Two men, members of a militia group called the "White Rabbits," have pled guilty after trying to blow up a mosque to "scare" Muslims out of the country. They are also suspected of trying to bomb an abortion clinic.
Two members of a militia group that calls itself the "White Rabbits" pled guilty on Thursday to bombing a mosque in the US state of Minnesota. The men said that they had hoped to scare Muslims into leaving the country.
Michael McWhorter, 29 and Joe Morris, 23, admitted to their roles in a spree of crimes that included two attempted bombings, armed robberies, and an attempt to extort the Canadian National Railway.
According to police, McWhorter said that his group had bombed the Dar Al-Farooq Islamic Center in Bloomington, outside of Minneapolis, in 2017 in order to send Muslims the message: "you're not welcome here."
The explosion damaged the office of the mosque's imam, but no one was injured. An interfaith group was able to raise money for the necessary repairs.
The "White Rabbits" also sabotaged a section of railway and demanded $190,000 in order to stop further attacks. They have also been accused of throwing a pipe bomb at an abortion clinic, which did not detonate.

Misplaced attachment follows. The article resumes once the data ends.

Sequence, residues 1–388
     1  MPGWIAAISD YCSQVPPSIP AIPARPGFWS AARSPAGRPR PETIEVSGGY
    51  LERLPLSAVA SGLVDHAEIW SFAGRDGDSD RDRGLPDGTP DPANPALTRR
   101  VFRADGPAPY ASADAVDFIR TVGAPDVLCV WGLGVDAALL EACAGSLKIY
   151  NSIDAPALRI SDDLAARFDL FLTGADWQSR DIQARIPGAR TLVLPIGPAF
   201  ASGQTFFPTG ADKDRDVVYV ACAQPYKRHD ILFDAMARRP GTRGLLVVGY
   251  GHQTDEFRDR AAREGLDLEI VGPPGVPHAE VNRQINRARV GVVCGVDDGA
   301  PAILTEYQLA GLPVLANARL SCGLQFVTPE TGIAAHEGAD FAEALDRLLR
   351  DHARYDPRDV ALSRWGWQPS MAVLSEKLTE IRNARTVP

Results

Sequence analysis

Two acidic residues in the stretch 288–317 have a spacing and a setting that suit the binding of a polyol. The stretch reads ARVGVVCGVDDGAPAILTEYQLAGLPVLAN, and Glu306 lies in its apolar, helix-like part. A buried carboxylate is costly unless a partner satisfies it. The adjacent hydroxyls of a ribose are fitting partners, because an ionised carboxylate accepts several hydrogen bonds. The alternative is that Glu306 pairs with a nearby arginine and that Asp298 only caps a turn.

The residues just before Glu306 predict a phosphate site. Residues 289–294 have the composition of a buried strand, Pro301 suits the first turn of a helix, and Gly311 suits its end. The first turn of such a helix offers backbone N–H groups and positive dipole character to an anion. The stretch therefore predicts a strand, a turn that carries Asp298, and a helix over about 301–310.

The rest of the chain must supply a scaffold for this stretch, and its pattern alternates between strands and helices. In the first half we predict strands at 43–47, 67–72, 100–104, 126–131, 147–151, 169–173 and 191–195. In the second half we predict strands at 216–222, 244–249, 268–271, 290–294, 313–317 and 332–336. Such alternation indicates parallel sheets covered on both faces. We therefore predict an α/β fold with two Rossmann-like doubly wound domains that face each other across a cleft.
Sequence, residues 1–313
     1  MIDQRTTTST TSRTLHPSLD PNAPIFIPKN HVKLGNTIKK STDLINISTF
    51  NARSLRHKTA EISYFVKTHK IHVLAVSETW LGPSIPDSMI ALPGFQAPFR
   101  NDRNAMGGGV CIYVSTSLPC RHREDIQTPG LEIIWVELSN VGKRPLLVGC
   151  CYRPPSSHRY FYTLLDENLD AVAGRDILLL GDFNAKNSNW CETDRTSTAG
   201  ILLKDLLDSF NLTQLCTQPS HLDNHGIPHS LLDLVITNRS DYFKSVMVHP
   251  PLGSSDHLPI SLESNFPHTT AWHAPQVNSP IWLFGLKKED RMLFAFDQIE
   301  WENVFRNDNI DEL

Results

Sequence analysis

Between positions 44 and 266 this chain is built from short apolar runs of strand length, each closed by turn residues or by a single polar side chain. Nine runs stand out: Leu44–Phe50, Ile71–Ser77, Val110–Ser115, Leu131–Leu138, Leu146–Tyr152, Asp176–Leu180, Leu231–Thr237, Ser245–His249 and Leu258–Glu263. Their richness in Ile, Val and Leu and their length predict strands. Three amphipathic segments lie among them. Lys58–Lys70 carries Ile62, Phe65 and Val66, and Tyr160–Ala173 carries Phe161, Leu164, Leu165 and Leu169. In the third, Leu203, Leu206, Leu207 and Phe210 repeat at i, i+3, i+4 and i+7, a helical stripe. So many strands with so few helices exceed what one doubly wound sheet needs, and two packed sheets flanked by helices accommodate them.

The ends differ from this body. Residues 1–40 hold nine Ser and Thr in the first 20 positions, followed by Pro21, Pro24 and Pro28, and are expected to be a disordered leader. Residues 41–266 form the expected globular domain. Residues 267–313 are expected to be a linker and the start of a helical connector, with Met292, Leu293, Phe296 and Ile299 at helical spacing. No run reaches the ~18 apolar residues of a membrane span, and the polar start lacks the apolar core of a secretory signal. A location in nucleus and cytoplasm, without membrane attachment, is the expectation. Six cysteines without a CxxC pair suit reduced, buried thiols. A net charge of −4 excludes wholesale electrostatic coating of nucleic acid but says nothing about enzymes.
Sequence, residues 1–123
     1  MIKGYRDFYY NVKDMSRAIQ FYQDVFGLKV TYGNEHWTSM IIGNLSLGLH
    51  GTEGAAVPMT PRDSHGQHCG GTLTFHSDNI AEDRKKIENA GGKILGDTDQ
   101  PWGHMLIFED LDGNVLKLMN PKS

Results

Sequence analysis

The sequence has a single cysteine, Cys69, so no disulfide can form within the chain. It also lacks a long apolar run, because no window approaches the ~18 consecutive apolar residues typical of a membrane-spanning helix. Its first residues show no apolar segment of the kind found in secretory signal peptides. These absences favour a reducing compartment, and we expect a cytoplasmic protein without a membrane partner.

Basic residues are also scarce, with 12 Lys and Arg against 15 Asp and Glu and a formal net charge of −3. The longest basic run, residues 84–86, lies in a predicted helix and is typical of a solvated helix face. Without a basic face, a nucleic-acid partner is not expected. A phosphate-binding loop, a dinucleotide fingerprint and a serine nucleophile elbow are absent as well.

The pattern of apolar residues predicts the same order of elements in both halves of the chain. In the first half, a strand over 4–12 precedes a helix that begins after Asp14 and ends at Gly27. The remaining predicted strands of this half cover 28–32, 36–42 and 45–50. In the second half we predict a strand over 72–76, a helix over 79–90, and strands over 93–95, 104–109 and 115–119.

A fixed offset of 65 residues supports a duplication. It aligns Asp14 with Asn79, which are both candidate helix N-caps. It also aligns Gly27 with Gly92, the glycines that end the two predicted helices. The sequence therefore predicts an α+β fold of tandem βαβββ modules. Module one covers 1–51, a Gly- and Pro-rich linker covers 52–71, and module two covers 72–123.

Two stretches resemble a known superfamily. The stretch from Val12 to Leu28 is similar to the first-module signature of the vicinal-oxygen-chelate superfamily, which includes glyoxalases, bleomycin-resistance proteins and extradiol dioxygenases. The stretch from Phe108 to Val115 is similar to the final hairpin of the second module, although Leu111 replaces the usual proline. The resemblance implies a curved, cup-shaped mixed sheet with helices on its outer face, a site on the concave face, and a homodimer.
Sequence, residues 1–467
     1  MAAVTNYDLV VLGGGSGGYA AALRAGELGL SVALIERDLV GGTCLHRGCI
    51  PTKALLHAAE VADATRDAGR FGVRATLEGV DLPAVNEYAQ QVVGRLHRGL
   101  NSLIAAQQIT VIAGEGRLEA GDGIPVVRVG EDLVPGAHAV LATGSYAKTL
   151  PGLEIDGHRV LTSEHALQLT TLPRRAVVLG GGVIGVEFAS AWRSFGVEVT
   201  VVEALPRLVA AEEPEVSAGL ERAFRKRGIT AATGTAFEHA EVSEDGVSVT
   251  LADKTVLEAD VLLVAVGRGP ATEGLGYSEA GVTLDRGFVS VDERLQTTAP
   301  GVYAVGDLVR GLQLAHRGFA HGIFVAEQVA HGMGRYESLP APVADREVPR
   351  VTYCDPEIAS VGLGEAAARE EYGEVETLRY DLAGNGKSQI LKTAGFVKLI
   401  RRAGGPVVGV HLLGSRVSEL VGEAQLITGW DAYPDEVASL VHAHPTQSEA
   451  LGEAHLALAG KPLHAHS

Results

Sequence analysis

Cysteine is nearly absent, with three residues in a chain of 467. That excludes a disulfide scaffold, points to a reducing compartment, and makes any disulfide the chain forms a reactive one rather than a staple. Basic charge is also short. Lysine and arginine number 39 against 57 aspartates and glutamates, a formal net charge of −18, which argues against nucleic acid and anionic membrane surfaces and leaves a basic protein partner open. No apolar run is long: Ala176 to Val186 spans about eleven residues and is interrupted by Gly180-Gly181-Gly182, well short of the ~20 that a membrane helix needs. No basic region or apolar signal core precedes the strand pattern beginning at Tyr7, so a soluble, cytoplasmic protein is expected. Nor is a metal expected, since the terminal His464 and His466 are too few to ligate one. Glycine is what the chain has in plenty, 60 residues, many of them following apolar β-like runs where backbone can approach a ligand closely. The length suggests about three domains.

'A threat to be eliminated'
Morris and McWhorter were facing up to 35 years in prison, though that may be reduced as part of their plea agreement.
"These militia groups have zeroed in on the Muslim community," Jaylani Hussein, the Minnesota chapter chief of the Council on American-Islamic Relations, told French news agency AFP.
"And a number of their blogs are overwhelmingly talking about the Muslim community as a threat and a threat to be eliminated."
An attorney for Morris argued that the young man had essentially been brainwashed by the group's leader, 47-year-old Michael Hari.
Hari, the alleged mastermind of the attacks, runs a security firm that applied for the contract to build President Donald Trump's proposed border wall. He has also posted numerous bizarre racist and xenophobic videos on YouTube.
Hari was not part of the plea agreement. He is currently in detention, facing federal hate crime charges.
es/rc (AP, AFP)